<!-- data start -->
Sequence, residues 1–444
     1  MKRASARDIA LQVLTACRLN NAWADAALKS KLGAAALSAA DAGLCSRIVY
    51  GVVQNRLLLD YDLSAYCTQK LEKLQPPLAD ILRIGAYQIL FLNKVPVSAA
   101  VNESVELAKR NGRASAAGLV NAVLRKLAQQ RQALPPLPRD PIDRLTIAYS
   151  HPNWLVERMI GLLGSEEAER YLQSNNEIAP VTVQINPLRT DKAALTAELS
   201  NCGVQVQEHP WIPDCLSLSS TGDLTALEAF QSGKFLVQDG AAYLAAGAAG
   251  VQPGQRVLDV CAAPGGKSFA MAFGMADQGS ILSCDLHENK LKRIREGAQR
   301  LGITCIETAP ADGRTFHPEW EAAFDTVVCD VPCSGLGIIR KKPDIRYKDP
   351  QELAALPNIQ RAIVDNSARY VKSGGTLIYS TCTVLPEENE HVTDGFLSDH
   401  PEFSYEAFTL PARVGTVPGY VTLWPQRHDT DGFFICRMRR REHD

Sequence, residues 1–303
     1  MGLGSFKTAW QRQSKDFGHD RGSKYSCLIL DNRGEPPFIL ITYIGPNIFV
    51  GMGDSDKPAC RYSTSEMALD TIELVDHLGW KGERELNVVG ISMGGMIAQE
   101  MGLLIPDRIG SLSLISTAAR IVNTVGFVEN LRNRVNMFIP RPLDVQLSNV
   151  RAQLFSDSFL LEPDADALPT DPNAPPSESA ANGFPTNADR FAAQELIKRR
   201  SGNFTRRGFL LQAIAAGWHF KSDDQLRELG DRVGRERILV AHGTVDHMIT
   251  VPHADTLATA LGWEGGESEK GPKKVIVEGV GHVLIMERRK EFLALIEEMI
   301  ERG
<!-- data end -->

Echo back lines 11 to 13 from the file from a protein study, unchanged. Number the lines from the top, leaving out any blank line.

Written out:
Sequence, residues 1–303
     1  MGLGSFKTAW QRQSKDFGHD RGSKYSCLIL DNRGEPPFIL ITYIGPNIFV
    51  GMGDSDKPAC RYSTSEMALD TIELVDHLGW KGERELNVVG ISMGGMIAQE